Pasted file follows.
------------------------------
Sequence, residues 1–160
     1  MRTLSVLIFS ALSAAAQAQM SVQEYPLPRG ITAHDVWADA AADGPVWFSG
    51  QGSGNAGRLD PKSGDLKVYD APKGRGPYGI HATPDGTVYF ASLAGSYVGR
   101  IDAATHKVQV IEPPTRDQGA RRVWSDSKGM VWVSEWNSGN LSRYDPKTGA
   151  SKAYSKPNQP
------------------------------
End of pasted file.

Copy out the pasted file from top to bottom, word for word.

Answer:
Sequence, residues 1–160
     1  MRTLSVLIFS ALSAAAQAQM SVQEYPLPRG ITAHDVWADA AADGPVWFSG
    51  QGSGNAGRLD PKSGDLKVYD APKGRGPYGI HATPDGTVYF ASLAGSYVGR
   101  IDAATHKVQV IEPPTRDQGA RRVWSDSKGM VWVSEWNSGN LSRYDPKTGA
   151  SKAYSKPNQP